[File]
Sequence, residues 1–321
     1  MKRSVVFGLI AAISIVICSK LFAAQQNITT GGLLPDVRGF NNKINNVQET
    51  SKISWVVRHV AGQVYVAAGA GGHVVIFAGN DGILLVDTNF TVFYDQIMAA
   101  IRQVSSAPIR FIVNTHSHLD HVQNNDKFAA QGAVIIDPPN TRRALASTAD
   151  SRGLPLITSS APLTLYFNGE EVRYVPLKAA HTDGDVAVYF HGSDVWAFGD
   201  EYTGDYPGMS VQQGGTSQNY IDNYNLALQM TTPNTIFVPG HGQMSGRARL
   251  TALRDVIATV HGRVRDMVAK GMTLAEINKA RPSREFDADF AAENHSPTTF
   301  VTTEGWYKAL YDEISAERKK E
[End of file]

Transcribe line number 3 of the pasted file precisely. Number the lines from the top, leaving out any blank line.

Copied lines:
    51  SKISWVVRHV AGQVYVAAGA GGHVVIFAGN DGILLVDTNF TVFYDQIMAA